What makes us human?
Genre – Action, Drama, Horror, Sci-Fi, Psychological, Seinen
Length – 24 Episodes
Run – Oct 9, 2014 to Mar 26, 2015
Animation Production – Madhouse, VAP, Sentai FilmworksL, Nippon Television Network Corporation
Parasyte – The Maxim comes off as a your typical gore of the season anime that attempts nothing more than to be glorified gore porn with senseless violence for the sake of attracting viewers and controversy. This is not such an anime.
This is an anime that attempts to ask us two questions, the latter a bit more subtly. The first, who determines which life form is more valuable? The second, to what extent can humans damage an ecosystem that it attempts to repair itself by wiping out its aggressors?
Parasyte – The Maxim is adapted from a manga series, Parasyte, that lasted from 1989 – 1995. To some extent it displays old school horror tropes. For example, there are creatures that appear one day (the parasytes), their goal is to take over the human mind and live by eating other humans, and there is a resistance to these later on when the numbers and activities of these creatures become widespread. The main character Shinichi Izumi was a victim of these parasytes, but before it took over his brain he stopped it in his arm. After a day it manifested itself as his new right hand. Shocked by this Shinichi struggles with himself on whether he should co-exist with this life form or remove it.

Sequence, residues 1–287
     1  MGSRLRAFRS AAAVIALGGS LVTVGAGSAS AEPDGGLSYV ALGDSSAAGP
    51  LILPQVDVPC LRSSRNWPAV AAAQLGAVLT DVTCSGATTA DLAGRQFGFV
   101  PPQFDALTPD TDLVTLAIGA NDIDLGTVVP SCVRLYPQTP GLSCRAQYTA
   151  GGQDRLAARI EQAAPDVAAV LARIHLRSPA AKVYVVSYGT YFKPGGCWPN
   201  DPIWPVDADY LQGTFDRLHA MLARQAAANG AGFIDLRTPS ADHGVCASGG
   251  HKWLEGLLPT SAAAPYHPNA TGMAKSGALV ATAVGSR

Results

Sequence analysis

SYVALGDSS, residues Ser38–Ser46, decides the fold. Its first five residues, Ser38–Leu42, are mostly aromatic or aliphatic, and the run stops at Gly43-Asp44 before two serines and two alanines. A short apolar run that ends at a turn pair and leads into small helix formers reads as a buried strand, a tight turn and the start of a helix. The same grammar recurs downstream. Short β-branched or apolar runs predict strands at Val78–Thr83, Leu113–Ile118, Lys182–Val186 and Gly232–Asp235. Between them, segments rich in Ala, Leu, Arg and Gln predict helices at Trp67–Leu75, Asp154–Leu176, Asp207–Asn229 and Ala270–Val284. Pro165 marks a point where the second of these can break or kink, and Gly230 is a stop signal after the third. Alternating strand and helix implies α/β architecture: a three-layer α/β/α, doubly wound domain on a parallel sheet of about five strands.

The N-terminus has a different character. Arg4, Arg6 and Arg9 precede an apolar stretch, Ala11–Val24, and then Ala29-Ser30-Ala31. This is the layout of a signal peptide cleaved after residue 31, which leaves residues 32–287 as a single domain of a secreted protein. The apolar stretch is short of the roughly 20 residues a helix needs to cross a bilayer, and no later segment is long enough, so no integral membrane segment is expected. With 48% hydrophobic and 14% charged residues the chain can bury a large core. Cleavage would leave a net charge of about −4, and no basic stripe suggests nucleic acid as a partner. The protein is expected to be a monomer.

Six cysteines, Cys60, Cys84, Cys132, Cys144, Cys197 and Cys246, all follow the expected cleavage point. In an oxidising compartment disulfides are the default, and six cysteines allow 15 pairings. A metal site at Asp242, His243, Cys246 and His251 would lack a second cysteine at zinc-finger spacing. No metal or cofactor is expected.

Shinichi is just a typical awkward high school student with high morals and little to no courage to add to his character. Migi has to save him during messy situations. His character fits in well with this generation of anime’s main character archetypes. As expected when this type of archetype is set up, something terrible happens to him early on in the series that causes his behavior to change, though, unlike most anime where the behavioral change is minimal, the change in Shinichi is much more noticeable, to the point you ask whether he really is human or not despite preaching human morals and empathy. From that point forward he embraces Migi (which means Right Hand in Japanese btw), the parayste living in his right hand. His demeanor, his thought processes, his emotions, all come into question. Is he an ally of humanity or is he just fulfilling his own selfish desires to prove he’s human?
The art is average, there is nothing outstanding about it. Perhaps the character and parasyte designs are the only visual aspects to admire but not much more than that. The OST in this anime is somewhat generic and monotonous. There are times when interesting and new pieces are introduced for key scenes, which is welcomed. I found nothing outstanding about the OP or ED, typical rock and ballad intro’s and outros that you’ve heard many times over if you’re a regular anime viewer. The fight scenes were good in the sense that the main character doesn’t win every fight and there isn’t a magical power-up to save him in dire situations. Shinichi and Migi both know who they can take on and when to run away. More importantly, Shinichi often uses his human strength to fight while Migi serves as defense and strategist.